“In the office in which I work there are five people of whom I am afraid. Each of these five people is afraid of four people (excluding overlaps), for a total of twenty, and each of these twenty people is afraid of six people who are feared by at least one person. In my department there are six people who are afraid of me and one small secretary who is afraid of all of us. I have one other person working for me who isn’t afraid of anyone, not even me. And I find quickly that I am afraid of him.”
This might be a fictional account of work – from Joseph Heller’s novel, ‘Something Happened’ – but no doubt it prompts pangs of recognition for many people. I’ve just been involved in Robertson Cooper's new research on the banking industry and I opened with this quote at the launch event last week at the Bank Workers Charity in London. Why can’t work be more fun? More relaxed? Less of a grind? That was my message – although obviously the questions aren’t really as black and white as that.
If might be a overdone stereotype, but when we have offices that have a lot in common with the one Heller describes, we’re only scratching the surface of the lives of employees. How can we know their pressures, stresses, ideas and aspirations without an open, communicative environment that encourages people to discuss a range of issues?
This latest research - Bank on your People - uncovered a range of non-work pressures that have never been considered before in our conception of ‘bank workers’: lack of sleep; financial worries; caring responsibilities; and those everyday hassles like household chores that most of us have to contend with. Added on top of workplace pressures like heavy workloads, these are aspects that are creating ill health and lower productivity. So how do we address this wider ‘whole person’ conception of bank workers and improve those metrics?
All of the thinking, including the Mental Capital and Well-Being project I chaired a few years ago, shows we need to train managers to be more socially sensitive and socially skilled. That means better training in order to recognise and discuss work and non-work pressures, from shop floor to top floor. Secondly, we need banks (and other employers) to engage with the issue of well-being and look to mainstream it into activities like recruitment, personal development, talent management and so on. Senior leaders already realise that addressing the mix of pressures isn’t a ‘fluffy’ issue. Well-Being and resilience has recently been addressed by the World’s most powerful leaders at the World Economic Forum in Davos – a signal to business leaders that it’s a key topic for 2014.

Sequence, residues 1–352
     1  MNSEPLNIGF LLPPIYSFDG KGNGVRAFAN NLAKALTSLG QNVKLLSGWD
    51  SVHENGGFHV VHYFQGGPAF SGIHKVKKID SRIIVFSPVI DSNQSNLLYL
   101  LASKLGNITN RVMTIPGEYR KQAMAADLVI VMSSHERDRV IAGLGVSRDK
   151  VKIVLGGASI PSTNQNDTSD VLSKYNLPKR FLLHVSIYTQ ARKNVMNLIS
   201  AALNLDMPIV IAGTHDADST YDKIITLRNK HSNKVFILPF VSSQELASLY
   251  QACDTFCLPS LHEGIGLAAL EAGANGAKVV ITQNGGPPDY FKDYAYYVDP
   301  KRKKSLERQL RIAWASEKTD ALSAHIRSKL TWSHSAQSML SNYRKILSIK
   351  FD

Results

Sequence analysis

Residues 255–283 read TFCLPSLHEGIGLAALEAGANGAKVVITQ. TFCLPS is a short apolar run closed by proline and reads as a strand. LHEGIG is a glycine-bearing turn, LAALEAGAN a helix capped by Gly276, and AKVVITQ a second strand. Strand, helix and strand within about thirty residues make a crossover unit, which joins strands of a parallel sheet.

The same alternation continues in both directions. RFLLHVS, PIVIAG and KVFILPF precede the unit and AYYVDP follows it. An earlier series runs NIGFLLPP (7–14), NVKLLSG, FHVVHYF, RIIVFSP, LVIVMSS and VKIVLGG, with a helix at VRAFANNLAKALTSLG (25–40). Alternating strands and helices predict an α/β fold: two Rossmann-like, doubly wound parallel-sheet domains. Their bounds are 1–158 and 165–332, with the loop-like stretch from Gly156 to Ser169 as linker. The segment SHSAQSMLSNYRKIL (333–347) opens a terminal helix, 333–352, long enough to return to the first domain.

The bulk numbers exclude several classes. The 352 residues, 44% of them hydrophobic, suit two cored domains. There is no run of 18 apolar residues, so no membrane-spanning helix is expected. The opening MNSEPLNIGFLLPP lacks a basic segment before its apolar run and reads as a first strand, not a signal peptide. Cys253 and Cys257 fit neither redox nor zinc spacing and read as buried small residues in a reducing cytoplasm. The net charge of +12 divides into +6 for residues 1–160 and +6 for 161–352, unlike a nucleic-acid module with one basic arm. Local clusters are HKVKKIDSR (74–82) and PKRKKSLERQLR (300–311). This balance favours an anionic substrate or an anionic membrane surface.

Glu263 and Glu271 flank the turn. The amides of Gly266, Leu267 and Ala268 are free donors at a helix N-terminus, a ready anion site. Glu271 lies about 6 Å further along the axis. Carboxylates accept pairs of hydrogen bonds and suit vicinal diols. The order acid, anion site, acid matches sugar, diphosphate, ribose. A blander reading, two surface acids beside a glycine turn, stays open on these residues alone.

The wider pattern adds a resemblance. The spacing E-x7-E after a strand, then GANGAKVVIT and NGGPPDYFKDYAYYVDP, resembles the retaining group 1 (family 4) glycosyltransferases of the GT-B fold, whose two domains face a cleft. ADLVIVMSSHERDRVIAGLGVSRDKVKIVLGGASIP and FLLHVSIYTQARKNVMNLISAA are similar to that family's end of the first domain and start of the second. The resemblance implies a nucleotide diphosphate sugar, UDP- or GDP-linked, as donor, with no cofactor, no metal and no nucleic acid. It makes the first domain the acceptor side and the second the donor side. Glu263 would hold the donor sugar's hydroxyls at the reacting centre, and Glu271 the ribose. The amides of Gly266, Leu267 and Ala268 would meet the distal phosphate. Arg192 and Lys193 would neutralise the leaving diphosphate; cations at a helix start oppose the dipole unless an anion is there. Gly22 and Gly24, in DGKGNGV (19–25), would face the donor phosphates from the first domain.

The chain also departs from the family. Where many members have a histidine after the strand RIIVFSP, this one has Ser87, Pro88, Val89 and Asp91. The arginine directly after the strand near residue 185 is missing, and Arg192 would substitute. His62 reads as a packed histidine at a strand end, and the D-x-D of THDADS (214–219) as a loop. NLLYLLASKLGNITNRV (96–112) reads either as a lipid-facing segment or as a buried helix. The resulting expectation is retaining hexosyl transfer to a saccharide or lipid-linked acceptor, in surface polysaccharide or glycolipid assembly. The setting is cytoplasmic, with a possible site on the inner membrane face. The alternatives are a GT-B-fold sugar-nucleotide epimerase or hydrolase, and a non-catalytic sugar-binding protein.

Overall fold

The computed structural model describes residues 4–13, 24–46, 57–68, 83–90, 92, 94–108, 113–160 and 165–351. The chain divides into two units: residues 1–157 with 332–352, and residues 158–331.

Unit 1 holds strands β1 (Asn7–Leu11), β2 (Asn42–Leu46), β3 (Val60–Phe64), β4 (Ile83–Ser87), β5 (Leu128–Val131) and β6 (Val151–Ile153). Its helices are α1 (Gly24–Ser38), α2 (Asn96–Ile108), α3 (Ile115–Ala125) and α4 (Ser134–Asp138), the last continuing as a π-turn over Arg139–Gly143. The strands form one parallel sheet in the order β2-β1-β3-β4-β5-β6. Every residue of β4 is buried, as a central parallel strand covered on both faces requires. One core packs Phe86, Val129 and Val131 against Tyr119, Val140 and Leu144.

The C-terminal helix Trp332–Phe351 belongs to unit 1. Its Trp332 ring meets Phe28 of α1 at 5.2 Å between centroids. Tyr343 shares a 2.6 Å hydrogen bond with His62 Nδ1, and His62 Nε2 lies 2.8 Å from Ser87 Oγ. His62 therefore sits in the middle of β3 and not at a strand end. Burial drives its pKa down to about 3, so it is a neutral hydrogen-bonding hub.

Whilst leaders recognise the importance of well-being, they need a personal connection to its power, and how it can make you feel about your work and wider life, as well as the business benefits it creates. Banks were early adopters of the employee engagement agenda and it’s not hard to see why when the close link to customer service and productivity is obvious. But engagement is of a time and place. Well-Being creates the underlying conditions and mindset that drives sustainable results.
Contact centres are a great example where banks have broadly done good work, with dedicated employee experience teams, open communication and personal relationships that go beyond transactional manager-to-employee dynamics. If that accepted model is going to spread into other areas of banking, we have to start with an understanding of the pressures staff are under. Only then can we answer the crucial questions – how can we support our people, how can we make their job the most enjoyable and fulfilling it can be? And perhaps along the way, make accounts like Joseph Heller’s feel more like fiction than reality…
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MD of Cary Cooper's business psychology firm, Robertson Cooper - for all things well-being, engagement and resilience at work.
Professor Cary Cooper, Director and Founder of Robertson Cooper Ltd, Distinguished Professor of Organizational Psychology and Health at Lancaster University.
When it comes to stress management, usually the first thing to suffer and the last thing to think of restoring...
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